School districts across South Dakota are scrambling to figure out how to make ends meet after voters failed to pass the one-cent sales tax increase.
After budget cuts over the last three years, school districts were hoping for a new stream of revenue to come their way from Initiated Measure 15. But with nearly 57 percent of voters saying no, districts are weighing tough options.
The Baltic School District faces a $100,000 deficit this year. Superintendent Robert Sittig says the extra penny sales tax increase would have help keep his struggling schools afloat.
"I was hopeful that the penny sales tax would go through and we'd have a more consistent and adequate form of revenue stream," Sittig said.
And, the parents we spoke with say they're disappointed to see the measure fail.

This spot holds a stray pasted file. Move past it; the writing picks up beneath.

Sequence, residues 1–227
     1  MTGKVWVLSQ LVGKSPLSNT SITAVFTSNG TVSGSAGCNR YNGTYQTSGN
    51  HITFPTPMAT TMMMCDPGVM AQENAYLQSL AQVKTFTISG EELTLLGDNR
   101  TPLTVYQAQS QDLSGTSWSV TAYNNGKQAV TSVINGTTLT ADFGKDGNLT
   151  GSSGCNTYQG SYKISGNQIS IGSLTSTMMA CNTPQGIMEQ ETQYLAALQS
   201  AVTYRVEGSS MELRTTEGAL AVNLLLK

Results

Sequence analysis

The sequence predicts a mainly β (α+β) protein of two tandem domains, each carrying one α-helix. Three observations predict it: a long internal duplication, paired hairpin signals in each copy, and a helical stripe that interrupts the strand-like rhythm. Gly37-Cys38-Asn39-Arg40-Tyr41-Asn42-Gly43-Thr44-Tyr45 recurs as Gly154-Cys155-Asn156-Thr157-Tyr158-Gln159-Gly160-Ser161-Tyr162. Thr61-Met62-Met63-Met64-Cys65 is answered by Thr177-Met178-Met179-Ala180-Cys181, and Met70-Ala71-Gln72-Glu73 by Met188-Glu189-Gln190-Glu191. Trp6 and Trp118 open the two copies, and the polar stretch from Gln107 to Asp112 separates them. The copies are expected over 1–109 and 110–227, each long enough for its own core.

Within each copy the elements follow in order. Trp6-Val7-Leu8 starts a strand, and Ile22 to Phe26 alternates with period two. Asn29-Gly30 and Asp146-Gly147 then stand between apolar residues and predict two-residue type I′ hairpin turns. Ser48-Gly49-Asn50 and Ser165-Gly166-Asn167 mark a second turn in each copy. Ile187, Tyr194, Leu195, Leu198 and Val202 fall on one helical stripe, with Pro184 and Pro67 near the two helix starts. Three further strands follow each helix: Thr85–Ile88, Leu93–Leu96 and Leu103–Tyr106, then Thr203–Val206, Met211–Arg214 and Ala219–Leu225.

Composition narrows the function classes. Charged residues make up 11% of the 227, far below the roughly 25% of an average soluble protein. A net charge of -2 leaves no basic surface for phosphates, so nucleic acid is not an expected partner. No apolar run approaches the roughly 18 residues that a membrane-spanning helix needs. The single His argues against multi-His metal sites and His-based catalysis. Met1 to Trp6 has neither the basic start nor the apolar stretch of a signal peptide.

"I was sad," Ann Boer said. "My daughter is a teacher here, I have two grandsons who go to school here and the school system really needs the money. Teachers need pay. Schools need programs. It's just sad. I'd hoped more people would come out and vote."
The district expected to receive $300,000 per year if the measure passed, money Sittig says would barely cover the funding his district lost out on during recent budget cuts.
And now that the money isn't coming, Baltic and a lot of other small school districts will have to make some tough decisions, opt out of the state property tax freeze or make even more drastic cuts.
"You can only cut so deep and we try and make the cuts to affect the students the least amount, but eventually it would affect students and it has, for a certain extent," Sittig said.
Initiated Measure 15 would have generated an estimated $180 million and would have been evenly split between education and Medicaid.